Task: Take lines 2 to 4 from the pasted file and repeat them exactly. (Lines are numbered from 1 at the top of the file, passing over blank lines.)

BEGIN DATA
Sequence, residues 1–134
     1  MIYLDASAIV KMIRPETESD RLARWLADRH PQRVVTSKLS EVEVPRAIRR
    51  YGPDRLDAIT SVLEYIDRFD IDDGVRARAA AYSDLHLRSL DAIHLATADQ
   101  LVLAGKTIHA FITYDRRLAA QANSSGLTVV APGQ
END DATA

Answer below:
     1  MIYLDASAIV KMIRPETESD RLARWLADRH PQRVVTSKLS EVEVPRAIRR
    51  YGPDRLDAIT SVLEYIDRFD IDDGVRARAA AYSDLHLRSL DAIHLATADQ
   101  LVLAGKTIHA FITYDRRLAA QANSSGLTVV APGQ